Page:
Of course, there has to be a balance struck between lofty ideals versus what’s practical — buying local is far easier in fertile regions than in other, more agriculturally-barren areas.   Some people will be discouraged by the radical narrow-focus surrounding the locavore "movement" and its 100-mile limit.   And there’ll even be the wacky few who drive gas-guzzling SUVs all the way across town to buy locally-grown tomatoes because they’re more environmentally-friendly.

So, what do you think?   Have you already been focusing more on local food?   Do you believe efforts to be more local-minded can make a difference or do you dismiss this as just another pointless yuppie fad?

Remember to post a comment by midnight (P.S.T.) so your name will be entered for a chance at one of the two food-related books I’m giving away to commemorate this Food For Thought series.

Food For Thought: Kids Cuisine

Inspiring & passionate, Chef Ann Cooper (a.k.a. the Renegade Lunch Lady) has spearheaded a dramatic overhaul in the school lunch programs in Berkley, CA. She’s on a mission to change the way children eat and transform cafeterias into culinary classrooms. Don’t be put off by her intensity—she’s just very outraged and committed to getting the word out about how our children’s’ nutritional needs are being so poorly addressed in school.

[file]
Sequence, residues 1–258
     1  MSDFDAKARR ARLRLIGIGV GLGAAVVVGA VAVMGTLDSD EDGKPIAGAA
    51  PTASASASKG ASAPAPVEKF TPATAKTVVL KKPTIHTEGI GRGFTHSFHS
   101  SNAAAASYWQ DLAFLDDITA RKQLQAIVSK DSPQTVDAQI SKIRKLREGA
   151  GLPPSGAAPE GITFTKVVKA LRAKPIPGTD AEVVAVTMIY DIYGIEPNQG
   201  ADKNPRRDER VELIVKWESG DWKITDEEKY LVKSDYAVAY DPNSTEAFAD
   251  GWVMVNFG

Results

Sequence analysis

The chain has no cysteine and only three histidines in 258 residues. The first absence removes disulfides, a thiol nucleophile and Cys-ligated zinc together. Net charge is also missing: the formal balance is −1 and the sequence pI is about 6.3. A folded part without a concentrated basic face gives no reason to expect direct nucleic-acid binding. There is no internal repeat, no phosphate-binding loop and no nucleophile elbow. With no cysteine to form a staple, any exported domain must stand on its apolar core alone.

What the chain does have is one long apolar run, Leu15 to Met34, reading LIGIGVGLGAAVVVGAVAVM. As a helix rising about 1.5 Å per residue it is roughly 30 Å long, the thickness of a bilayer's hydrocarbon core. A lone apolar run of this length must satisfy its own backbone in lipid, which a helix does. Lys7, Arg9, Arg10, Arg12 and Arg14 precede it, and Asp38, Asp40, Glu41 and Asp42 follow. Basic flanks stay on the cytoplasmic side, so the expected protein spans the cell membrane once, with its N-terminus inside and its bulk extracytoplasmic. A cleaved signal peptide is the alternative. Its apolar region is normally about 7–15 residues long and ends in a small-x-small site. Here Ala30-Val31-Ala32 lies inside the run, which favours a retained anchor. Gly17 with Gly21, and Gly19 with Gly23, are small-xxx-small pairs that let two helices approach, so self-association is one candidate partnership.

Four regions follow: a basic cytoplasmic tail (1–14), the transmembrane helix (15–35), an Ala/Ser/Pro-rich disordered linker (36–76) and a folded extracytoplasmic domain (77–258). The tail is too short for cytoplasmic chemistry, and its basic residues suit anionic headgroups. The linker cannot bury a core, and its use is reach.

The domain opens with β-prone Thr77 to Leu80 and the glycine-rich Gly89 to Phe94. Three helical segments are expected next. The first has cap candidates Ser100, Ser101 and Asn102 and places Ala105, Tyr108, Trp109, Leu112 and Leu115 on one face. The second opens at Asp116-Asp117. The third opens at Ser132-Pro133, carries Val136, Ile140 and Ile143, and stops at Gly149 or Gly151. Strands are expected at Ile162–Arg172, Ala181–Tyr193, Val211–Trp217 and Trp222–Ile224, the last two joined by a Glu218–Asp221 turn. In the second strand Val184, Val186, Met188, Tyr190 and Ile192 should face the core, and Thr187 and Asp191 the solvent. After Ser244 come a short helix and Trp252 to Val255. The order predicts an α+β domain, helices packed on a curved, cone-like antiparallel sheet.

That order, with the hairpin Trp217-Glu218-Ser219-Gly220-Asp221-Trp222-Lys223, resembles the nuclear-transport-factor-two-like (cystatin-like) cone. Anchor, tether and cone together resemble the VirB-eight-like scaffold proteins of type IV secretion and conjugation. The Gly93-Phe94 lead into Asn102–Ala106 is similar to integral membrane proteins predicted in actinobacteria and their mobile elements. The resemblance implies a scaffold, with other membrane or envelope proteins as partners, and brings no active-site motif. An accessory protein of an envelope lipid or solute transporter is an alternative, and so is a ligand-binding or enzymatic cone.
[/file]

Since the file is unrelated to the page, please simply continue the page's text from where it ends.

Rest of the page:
Check out Ann Cooper’s blog and also follow Ann Cooper on Twitter to keep up with all of her latest happenings.

Of course, some of Ann’s ideas may not work universally. Sure, fresh regional veggies & fruits are abundant in California, but locally-grown, organic produce isn’t necessarily so readily available in other parts of the country. Still, consider the benefits for children of applying even a few of Ann’s progressive changes.

What are your thoughts on school lunches and kids’ nutritional needs? Do you believe schools are doing enough already? To be entered in the book drawing at the end of this Food For Thought week, just leave a comment!

Food For Thought: Fast Food Nation

Fast Food Nation book cover by Eric Schlosser is an in-depth look at how the fast food industry has revolutionized the landscape, culture, & health of America—and ultimately the entire world.

Not quite what you’d expect, Schlosser’s book doesn’t demonize fast food as it pertains to health—in fact, the author plainly states that his family still does eat some fast food —but rather, it’s more of an indictment of the corporate entities behind the drive-thrus.

This is a revealing look at sanitation & food safety that’s very often far from the primary concern of the big fast food chains. It’s also a disturbing investigation into some of the deplorable ways in which these companies commonly, almost criminally, (mis)treat their employees.